Publication details

Starter feed for carnivorous species as a practical replacement of bloodworms for a vertebrate model organism in ageing, the turquoise killifish Nothobranchius furzeri



Year of publication 2022
Type Article in Periodical
Magazine / Source Journal of Fish Biology
MU Faculty or unit

Faculty of Science

Keywords African killifish; laboratory diet; nutritional ecology; practical diet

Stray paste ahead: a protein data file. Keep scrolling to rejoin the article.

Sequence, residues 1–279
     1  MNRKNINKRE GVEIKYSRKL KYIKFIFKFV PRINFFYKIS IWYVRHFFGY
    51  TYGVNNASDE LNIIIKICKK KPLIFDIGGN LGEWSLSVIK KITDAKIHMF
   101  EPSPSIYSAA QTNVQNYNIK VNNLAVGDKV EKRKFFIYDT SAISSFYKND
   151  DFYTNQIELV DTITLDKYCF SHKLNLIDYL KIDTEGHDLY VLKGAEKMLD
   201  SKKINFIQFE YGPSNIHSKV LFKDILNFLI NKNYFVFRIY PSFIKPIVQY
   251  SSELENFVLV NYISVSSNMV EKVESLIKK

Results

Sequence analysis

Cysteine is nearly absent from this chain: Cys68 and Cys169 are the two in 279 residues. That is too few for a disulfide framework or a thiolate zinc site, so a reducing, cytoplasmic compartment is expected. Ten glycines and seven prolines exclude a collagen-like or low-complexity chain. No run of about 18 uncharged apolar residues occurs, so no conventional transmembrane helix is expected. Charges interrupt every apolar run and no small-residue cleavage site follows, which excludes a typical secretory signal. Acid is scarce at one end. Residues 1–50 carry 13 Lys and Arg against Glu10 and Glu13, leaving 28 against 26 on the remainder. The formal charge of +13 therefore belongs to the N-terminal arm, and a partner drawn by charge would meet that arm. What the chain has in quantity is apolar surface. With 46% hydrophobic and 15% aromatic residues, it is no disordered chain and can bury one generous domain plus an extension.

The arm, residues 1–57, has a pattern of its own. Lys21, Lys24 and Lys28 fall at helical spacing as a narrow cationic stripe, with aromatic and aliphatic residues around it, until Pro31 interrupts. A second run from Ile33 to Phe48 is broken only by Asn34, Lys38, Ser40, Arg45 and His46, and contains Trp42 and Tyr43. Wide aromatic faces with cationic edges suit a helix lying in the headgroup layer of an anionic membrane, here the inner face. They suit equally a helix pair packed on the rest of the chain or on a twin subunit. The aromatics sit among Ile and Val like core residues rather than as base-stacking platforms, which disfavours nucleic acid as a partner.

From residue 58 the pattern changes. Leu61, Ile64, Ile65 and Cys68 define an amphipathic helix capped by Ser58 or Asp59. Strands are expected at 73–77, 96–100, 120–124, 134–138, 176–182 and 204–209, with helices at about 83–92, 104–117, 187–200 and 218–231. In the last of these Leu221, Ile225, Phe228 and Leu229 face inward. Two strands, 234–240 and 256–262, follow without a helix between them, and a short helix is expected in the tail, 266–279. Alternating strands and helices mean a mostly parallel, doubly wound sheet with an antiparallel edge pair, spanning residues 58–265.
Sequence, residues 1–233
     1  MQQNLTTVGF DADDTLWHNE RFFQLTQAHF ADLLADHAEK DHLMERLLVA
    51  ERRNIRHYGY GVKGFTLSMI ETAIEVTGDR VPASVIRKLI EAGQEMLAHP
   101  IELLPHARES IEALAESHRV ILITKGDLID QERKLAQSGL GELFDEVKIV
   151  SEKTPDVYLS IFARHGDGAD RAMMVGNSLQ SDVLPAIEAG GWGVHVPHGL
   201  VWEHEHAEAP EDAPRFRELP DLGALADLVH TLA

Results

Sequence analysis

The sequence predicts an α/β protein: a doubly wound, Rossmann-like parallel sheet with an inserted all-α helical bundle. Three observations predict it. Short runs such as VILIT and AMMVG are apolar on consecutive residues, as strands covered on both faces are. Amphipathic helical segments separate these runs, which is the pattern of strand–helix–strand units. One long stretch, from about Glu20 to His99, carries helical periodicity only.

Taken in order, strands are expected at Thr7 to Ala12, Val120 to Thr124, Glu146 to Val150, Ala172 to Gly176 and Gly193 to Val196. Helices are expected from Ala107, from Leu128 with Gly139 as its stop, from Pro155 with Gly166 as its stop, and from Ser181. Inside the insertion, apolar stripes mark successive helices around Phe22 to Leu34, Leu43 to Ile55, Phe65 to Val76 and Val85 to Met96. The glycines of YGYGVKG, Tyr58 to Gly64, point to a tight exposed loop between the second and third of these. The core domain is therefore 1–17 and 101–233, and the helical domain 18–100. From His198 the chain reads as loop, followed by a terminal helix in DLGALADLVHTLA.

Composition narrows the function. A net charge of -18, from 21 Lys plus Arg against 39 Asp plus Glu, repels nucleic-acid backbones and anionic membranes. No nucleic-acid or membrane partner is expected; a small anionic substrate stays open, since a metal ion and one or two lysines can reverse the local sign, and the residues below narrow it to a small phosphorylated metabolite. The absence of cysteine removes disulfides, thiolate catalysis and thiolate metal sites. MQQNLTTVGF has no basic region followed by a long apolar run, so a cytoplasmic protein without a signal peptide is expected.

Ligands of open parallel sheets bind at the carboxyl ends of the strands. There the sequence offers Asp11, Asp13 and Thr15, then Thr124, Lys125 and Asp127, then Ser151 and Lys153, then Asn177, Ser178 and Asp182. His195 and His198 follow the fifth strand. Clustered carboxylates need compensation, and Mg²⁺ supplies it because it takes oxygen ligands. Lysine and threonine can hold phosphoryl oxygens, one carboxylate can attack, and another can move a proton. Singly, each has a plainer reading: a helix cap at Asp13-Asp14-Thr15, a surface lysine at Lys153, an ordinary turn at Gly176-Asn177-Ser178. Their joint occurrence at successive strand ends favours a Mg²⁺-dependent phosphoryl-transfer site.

Description The absence of a controlled diet is unfortunate in a promising model organism for ageing, the turquoise killifish (Nothobranchius furzeri Jubb, 1971). Currently captive N. furzeri are fed bloodworms but it is not known whether this is an optimal diet. Replacing bloodworms with a practical dry feed would reduce diet variability. In the present study, we estimated the nutritional value of the diet ingested by wild fish and determined the fish-body amino acid profile as a proxy for their nutritional requirements. We compared the performance of fish fed four commercial feeds containing 46%–64% protein to that achieved with bloodworms and that of wild fish. Wild fish target a high-protein (60%) diet and this is supported by their superior performance on high-protein diets in captivity. In contrast, feeds for omnivores led to slower growth, lower fecundity and unnatural liver size. In comparison to wild fish, a bloodworm diet led to lower body condition, overfeeding and male liver enlargement. Out of the four dry feeds tested, the fish fed Aller matched wild fish in body condition and liver size, and was comparable to bloodworms in terms of growth and fecundity. A starter feed for carnivorous species appears to be a practical replacement for bloodworms for N. furzeri. The use of dry feeds improved performance in comparison to bloodworms and thus may contribute to reducing response variability and improving research reproducibility in N. furzeri research.

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